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Re: Micro$oft to license FAT
snipped-for-privacy@larwe.com (Lewin A.R.W. Edwards) writes:

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This is somewhat similar to what OS/2 did (which Microsoft helped
design initially).  However, they were able to do that on a straight
DOS compatible FAT file system (optional, since their native
filesystem was preferrable).  They did implement it in a FAT
compatible way, but using a hidden file, rather than tweak FAT in a
way that wasn't forward compatible with Microsoft's version.

--
Darin Johnson
    Where am I?  In the village...  What do you want?  Information...

Re: Micro$oft to license FAT

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I (vaguely) remember that. Users could add arbitrary information to
the "attributes", as I remember. I think the java compiler kept its
output there, too, so sources weren't recompiled unless they changed.

--
Al Balmer
Balmer Consulting
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Re: Micro$oft to license FAT
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Yeah, they lived (on FAT filesystems anyway) in a big file called " EA
DATA. SF" or something similar. Damn thing just got bigger and bigger
and kept filling with crud.

I loved OS/2 2.0 when it ran on bog-standard IBM hardware, using HPFS.

I hated, hated, *hated* it on FAT systems and anything with even vaguely
unusual hardware - at one point the only way to recover from an attempt
to change screen resolution was to reformat the hard disc! (And I think
that was only a Trident 8900C!)

pete
--
snipped-for-privacy@fenelon.com "There's no room for enigmas in built-up areas."

Re: Micro$oft to license FAT

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Extended attributes on FAT were a terrifyingly horrific kludge, though.
They only worked well on HPFS.


Re: Micro$oft to license FAT
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The patent (at least, the most recent one listed on MS's site,
#6286013) is specifically for Microsoft's particular way of bodging
long file names onto the side of an 8.3-limited file system. If
you're not trying to be Microsoft-compatible, then I'd bet that
these patents don't affect you at all. Actually, a large part of
the patent seems to be trying to cover the API at an assembler
level:

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I wonder if this is intended to give them a lever against things like WINE?
I'm under the impression that you can't patent APIs, but I guess nothing
stops them from trying.

If you want, you can always just go read the patent for yourself ---
the USPTO has them all online, go to
  http://patft.uspto.gov/netahtml/srchnum.htm
and type in the number.


--

Re: Micro$oft to license FAT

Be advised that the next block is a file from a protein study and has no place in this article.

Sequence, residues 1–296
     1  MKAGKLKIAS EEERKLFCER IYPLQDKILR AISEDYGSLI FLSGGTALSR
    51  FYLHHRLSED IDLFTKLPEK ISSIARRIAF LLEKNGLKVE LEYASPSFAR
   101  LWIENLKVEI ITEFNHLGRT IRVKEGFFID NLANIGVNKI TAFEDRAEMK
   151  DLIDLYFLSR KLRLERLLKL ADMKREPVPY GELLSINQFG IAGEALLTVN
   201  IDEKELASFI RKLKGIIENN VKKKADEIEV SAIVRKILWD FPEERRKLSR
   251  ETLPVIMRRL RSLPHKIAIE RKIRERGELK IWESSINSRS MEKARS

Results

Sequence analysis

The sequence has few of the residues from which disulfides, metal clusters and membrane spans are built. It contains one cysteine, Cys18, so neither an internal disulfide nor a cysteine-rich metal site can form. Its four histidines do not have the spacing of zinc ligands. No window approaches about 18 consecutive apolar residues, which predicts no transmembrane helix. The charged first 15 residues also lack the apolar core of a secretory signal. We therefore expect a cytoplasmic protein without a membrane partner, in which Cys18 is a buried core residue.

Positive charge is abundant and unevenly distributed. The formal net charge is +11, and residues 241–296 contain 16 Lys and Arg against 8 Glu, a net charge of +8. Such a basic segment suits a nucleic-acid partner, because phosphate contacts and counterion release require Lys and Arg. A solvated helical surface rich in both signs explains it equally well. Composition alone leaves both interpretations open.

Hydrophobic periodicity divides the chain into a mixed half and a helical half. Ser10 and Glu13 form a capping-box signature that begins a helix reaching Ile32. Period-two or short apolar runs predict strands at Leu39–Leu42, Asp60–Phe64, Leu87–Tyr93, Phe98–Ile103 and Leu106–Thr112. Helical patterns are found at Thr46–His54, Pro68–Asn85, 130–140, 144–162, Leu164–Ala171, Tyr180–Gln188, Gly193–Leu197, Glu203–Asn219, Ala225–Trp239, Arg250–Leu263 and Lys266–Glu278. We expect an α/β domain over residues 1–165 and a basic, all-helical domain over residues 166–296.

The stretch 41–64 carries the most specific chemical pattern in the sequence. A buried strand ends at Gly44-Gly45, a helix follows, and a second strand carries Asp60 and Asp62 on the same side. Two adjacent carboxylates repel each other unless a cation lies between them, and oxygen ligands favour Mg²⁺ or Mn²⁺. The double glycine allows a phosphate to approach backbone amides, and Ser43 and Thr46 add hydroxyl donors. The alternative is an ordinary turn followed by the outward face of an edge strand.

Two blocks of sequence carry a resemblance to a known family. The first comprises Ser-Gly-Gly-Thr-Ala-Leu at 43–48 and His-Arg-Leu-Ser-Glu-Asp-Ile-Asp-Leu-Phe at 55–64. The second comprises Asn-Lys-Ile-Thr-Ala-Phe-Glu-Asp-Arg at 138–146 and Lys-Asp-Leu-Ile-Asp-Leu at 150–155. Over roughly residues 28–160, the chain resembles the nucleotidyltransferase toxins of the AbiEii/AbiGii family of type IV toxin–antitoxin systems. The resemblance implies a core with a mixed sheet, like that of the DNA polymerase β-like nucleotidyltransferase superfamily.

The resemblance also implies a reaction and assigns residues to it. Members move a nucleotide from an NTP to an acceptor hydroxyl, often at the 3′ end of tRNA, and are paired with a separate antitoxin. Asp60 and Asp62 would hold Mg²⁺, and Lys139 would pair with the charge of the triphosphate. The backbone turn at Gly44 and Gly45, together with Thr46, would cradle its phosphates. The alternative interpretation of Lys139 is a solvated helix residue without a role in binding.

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This is unique, novel and non-obvious to those skilled in the art?
Loading a register before calling a function? A bios call??
Please...

--
Steve Sousa



Re: Micro$oft to license FAT

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Well, just load the EAX register instead of AX and the patent
won't apply :-)

--
Darin Johnson
    Gravity is a harsh mistress -- The Tick

Re: Micro$oft to license FAT
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Their target audience for license are music and camera manufacturers. How
many of those would you think are using an Intel x86 type processor in their
camera or MP3 player? Haven't seen too many with fans and a 20Ah battery
attached yet ;-)

Rob



Re: Micro$oft to license FAT
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Yes, but the four patents mentioned specifically relate to LFNs, which
are an extension to FAT. By implication, the "pending" stuff they talk
about is newer than LFNs, so probably of no interest to embedded
developers unless you're making a very computer-like device. In the
enormous majority of cases, the only reason people use FAT in embedded
systems is for data interchangeability with PCs. So a
lowest-common-denominator filesystem is perfectly acceptable for us.

Anyhow, the tone of the document is not one of MS actively seeking to
close down extant third-party FAT implementations, but more like MS
trying to keep future enhancements to the FAT format closed.

(Side note: The XBox uses FAT32, not NTFS - and it's FAT32 with some
extensions for slightly more robustness than regular FAT).

Re: Micro$oft to license FAT

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I take the document that they (MS) are trying to follow the success of
licensing of MP3 -- make the specification available, and years later ask for
fees because there are so many implementations.

[I am not a lawer, opinions are strictly mine :]

  Vadim

Re: Micro$oft to license FAT
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Maybe. Anyway, it's not a very serious issue - $0.25 won't break me,
but I will fight it if necessary simply out of a desire not to pay
Microsoft anything. FAT12 at least is closely based on CP/M on-disk
format anyway, isn't it?

(I guess since nobody wants Windows CE, MS has to find some other way
to get a revenue stream out of the embedded market).

Re: Micro$oft to license FAT

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Not really.  I'm reaching back 20 years in my memory,
so I may be wrong.  Seems to me that CP/M did the
allocation of clusters/sectors right at the directory
entry, not in a FAT.  This severely limited the file
size you could have and still have a reasonably length
directory.  A later kluge was "extents", where once a
directory entry was full of allocations, it chained to
another one and that was used.



Are you using PTP yet (was Re: Micro$oft to license FAT)
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Picture Transfer Protocol

http://ptp.sourceforge.net/

could become very popular suddenly.

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